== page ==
Give every requirement a code to identify it and a priority level. Requirements with higher priority levels shall be fulfilled first. It is essential to have a column for comments and feedback since, QA is all about communication, exchanging ideas, asking questions, solving doubts, etc.
We recommend preserving this extra information as long as possible. It will become very valuable in the future as part of the lessons learned during past experiences.
The first rule of an RTM is that a requirement is only a requirement if it can be tested.
Just this rule in itself will save your team a lot of discussion and needless iterations.
Second, you must realize that requirements are split into two distinct groups;
- Statements regarding what the product shall have
- Statements regarding what the product shall be capable of doing
Both these statements are required to achieve the functionality the product was designed for.
To write a good requirement, keep in mind what the eventual functionality is and whether the product is capable of achieving that in different scenarios.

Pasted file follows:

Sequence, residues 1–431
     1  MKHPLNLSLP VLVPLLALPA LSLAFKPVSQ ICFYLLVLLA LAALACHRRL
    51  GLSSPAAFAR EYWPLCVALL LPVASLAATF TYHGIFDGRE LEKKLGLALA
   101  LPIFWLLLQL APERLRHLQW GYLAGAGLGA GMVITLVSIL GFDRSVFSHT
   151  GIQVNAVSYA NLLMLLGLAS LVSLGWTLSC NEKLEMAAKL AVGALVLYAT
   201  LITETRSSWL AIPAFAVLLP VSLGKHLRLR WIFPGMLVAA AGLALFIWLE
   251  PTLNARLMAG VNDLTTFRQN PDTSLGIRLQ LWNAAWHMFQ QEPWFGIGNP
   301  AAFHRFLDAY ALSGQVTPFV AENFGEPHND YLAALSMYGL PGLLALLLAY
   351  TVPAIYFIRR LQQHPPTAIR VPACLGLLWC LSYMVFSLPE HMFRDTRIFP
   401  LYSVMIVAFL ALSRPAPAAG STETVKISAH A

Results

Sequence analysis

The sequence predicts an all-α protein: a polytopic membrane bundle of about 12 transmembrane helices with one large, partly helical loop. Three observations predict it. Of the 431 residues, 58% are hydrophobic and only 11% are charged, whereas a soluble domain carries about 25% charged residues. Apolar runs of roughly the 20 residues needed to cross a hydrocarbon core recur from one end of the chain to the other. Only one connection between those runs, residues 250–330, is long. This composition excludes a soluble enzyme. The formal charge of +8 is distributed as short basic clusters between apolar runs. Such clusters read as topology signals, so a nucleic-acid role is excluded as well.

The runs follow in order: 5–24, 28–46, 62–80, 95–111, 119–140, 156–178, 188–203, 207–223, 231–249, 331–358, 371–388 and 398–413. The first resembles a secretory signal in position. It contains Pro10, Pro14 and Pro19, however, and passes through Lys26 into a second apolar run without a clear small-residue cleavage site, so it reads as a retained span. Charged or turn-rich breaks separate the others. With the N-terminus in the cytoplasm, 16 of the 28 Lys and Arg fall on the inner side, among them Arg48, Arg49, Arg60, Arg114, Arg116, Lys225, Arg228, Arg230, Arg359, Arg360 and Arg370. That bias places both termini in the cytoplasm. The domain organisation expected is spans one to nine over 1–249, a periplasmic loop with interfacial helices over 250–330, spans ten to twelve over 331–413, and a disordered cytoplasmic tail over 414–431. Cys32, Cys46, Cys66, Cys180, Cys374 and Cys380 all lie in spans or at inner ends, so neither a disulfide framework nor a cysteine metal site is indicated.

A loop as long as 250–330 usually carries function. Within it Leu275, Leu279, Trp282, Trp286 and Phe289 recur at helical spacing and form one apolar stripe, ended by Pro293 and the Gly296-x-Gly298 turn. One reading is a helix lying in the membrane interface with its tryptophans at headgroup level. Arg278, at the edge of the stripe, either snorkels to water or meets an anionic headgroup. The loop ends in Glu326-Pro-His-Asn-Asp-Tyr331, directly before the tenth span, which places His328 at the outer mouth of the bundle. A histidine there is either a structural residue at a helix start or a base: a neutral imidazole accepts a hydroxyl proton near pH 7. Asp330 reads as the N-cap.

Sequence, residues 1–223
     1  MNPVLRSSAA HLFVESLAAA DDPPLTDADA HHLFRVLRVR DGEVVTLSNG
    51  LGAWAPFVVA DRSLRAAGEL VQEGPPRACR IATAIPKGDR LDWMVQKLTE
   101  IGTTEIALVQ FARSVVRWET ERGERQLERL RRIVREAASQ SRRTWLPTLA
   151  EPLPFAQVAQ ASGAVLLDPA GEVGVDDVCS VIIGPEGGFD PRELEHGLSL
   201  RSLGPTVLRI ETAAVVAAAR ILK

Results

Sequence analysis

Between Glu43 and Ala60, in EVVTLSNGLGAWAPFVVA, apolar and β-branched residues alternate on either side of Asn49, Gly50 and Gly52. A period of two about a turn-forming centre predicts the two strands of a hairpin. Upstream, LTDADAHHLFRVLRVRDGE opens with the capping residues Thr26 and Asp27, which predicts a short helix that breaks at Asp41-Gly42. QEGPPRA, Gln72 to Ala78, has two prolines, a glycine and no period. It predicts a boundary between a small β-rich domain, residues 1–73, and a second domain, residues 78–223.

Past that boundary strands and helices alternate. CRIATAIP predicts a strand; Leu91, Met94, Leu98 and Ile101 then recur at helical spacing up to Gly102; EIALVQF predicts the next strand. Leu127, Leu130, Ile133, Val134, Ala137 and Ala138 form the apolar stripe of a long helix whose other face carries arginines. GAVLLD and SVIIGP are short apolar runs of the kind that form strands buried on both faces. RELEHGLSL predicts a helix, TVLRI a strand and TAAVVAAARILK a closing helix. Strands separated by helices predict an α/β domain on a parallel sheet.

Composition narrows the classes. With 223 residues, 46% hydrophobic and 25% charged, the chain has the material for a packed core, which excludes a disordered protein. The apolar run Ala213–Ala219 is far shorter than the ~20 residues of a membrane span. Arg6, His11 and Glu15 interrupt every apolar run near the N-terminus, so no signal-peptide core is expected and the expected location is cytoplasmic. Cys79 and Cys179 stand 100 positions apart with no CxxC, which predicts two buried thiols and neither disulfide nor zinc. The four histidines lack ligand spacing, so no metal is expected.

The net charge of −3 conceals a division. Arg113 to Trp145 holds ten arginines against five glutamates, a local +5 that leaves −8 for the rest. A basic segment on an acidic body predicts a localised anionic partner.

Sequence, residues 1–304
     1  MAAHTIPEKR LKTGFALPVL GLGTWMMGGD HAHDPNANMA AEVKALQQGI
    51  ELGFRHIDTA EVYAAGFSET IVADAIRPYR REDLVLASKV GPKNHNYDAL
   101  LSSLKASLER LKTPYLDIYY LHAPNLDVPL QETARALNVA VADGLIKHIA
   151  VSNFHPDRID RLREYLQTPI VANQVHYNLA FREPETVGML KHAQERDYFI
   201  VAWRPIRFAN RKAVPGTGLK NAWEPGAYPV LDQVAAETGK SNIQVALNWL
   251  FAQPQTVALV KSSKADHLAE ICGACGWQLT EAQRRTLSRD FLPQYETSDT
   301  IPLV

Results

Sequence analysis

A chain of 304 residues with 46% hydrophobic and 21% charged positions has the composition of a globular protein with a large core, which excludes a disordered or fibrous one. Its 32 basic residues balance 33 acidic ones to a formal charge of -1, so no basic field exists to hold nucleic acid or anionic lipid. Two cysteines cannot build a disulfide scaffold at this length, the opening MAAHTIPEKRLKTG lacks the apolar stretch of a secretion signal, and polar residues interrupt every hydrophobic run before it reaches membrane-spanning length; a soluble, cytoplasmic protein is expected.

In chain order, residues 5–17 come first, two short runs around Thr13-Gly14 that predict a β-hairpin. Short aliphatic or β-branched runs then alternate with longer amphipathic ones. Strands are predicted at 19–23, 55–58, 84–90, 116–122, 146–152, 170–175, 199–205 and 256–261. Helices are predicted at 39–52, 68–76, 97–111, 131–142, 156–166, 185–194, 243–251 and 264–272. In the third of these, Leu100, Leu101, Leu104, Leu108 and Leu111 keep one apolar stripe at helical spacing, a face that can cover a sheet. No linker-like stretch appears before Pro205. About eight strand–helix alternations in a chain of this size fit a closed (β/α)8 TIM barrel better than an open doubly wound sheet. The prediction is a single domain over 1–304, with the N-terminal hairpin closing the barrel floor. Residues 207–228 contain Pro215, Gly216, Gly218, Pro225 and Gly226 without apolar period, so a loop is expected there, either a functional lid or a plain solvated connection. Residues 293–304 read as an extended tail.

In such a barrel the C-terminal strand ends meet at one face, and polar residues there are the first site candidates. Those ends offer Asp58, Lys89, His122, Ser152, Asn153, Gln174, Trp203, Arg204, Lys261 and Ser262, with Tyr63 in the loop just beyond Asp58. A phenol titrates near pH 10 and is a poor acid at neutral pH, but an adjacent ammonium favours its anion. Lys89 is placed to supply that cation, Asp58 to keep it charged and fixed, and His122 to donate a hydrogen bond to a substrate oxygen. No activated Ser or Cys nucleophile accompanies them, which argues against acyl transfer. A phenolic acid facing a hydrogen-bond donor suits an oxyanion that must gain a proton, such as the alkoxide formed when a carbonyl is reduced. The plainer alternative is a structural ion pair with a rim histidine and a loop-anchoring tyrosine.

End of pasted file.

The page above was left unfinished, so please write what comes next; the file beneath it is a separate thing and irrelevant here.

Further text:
For example, what will happen when the user presses a specific button? How will the user interface work? What certification tests will it need to pass?
Then, when you have a good idea of possible requirements, you write them all down using the list of good practices to follow below.
Good practices for creating requirements are:
- Use SHALL for mandatory statements, WILL for declarations of purpose which are non-mandatory, SHOULD for preferences or desired goals and MAY for suggestions or allowances.
- A requirement should state ‘what’ is needed, not ‘how’ it is done.
❌ The firmware of the product shall have a timer and every 10 seconds it will activate a LED for 0.3 seconds.
✔️ The product’s LED shall blink every 10 seconds.
- Each requirement must be verifiable.
❌ The product’s width shall be enough for a hand to fit in.
✔️ The product’s width shall be 10 cm.
- A requirement should define the performance of the product, not the actions of the user.
❌ The user shall press the button to start the game.
✔️ The game shall start 1 second after the user presses the button.
- Avoid using passive voice.
❌ The product shall be wrapped in foam for shipping. (By who?)